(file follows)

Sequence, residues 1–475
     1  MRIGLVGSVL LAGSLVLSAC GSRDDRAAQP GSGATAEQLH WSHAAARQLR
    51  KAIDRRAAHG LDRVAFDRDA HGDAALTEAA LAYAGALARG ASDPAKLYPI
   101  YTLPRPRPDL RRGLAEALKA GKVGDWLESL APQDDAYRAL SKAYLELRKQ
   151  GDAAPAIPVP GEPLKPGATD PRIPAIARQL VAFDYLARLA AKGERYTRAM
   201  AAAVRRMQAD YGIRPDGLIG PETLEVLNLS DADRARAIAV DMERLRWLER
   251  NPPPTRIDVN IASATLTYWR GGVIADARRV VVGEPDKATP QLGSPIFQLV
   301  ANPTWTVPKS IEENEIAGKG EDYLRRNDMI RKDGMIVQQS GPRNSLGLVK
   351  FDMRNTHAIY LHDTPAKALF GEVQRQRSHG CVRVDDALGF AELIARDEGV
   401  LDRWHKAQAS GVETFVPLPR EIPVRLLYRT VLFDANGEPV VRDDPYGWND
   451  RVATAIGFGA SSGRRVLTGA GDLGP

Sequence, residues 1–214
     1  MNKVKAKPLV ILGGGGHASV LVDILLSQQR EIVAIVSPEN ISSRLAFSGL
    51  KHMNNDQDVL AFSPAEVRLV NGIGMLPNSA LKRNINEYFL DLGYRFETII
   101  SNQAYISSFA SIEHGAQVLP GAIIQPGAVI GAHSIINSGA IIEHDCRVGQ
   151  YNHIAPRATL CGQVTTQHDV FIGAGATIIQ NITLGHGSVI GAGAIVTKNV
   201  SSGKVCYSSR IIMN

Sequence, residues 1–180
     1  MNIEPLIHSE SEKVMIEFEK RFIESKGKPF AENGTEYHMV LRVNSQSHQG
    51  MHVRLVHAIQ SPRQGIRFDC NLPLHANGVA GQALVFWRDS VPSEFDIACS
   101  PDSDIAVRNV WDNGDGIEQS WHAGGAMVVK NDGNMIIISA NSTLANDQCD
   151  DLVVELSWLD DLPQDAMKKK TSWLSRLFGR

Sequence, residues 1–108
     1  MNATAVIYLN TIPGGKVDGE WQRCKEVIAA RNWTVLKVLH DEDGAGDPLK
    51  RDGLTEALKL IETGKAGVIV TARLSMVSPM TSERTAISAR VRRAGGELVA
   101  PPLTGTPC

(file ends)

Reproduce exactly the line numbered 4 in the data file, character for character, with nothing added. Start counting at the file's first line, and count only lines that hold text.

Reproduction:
   101  YTLPRPRPDL RRGLAEALKA GKVGDWLESL APQDDAYRAL SKAYLELRKQ